Dr. Ryu Keun, a Professor in the Department of Mechanical Engineering at Hanyang University, will be sponsored by the Korean Government with a total of 300 million won for the development of electric pumps for liquid rocket engines until 2021.
Q. Please introduce your research briefly.
A. My research is about the implementation of existing liquid-fuel rocket engines with turbo pumps for high-pressure fuel and liquid oxygen supply. In the gasgenerator cycle, the fuel is burned in a gas generator and the resulting hot gas is used to rotate the shaft of the engine’s pumps. Then, the gas is exhausted. Also, the electric-pump-fed-engines in the current research project use electric motor-driven pumps to pressurize the fuels, thereby burning the input fuel directly in the main combustion chamber of the rocket engines. The lower temperature gradient in the pumps and the simpler mechanical configuration allows lower development and manufacturing cost, and easier controllability of the engine system.
Q. Why is the electric-pump method and the liquid-fuel rocket engine essential for later space development?
A. It is because of its distinctive advantages over the existing turbo pump system. For reliable advancement of the electric-pump rocket engines, as well as for our country’s future independent space development, I would like to emphasize the importance of design, performance evaluation, and health monitoring of the motor-rotor-bearingseal systems in electrically driven pumps. However, one person or one research project will not be able to significantly change the whole space related technology. I think this is the most important key point.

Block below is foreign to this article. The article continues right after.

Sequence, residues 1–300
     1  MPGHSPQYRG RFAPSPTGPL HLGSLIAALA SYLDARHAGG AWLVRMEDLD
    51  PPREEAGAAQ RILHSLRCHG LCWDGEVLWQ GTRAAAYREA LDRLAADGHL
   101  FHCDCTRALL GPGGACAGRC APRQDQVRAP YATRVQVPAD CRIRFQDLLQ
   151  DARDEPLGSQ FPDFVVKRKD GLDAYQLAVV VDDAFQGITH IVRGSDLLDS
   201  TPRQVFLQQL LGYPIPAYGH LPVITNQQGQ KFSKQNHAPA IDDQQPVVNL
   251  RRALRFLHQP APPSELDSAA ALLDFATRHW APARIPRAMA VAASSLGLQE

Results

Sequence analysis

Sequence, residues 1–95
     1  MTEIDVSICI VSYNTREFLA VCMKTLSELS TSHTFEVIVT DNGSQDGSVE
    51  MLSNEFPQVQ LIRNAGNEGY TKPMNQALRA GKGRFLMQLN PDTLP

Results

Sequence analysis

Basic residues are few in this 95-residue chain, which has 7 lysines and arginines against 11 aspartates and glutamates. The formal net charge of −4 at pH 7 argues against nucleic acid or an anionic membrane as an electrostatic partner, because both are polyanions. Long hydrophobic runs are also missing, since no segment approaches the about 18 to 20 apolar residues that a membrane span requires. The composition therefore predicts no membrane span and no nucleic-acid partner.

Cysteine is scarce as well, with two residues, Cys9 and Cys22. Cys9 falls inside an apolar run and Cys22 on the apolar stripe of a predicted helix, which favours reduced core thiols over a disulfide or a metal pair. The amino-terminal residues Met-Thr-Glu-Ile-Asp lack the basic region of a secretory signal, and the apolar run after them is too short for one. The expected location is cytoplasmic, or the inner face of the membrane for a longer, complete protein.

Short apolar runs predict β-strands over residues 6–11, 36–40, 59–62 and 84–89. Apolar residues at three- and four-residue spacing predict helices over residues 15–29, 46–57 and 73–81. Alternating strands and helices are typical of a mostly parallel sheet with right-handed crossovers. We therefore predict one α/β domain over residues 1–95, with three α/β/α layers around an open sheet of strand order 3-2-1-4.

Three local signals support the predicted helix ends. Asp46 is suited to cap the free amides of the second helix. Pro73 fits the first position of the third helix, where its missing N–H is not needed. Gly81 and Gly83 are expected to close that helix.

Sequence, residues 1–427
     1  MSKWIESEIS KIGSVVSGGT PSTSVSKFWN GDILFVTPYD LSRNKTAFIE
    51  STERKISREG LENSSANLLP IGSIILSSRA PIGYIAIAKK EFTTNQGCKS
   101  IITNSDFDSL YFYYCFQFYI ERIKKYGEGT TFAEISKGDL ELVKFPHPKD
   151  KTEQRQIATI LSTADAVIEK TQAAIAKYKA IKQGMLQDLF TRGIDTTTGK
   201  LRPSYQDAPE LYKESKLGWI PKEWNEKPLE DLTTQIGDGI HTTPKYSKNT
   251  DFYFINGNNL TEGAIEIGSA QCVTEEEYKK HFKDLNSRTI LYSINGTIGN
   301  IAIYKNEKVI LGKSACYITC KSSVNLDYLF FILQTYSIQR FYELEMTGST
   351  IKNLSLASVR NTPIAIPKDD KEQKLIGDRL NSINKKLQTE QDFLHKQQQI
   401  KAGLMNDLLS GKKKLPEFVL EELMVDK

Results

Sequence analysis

Q. What is the special reason to take interest in space technicalities? Tell us about your future plans.
A. Yes. I’ve dreamed about studying space technology since I was young. The research projects are related to the wide array of rotating machinery systems at extreme operating conditions, which are conducted by my former academic advisor at Texas A&M University. My former research experience with NASA also influenced the direction of my current work. The subsidy granted by our government to research about the space launch system development is quite limited, but I will continue to conduct the related research.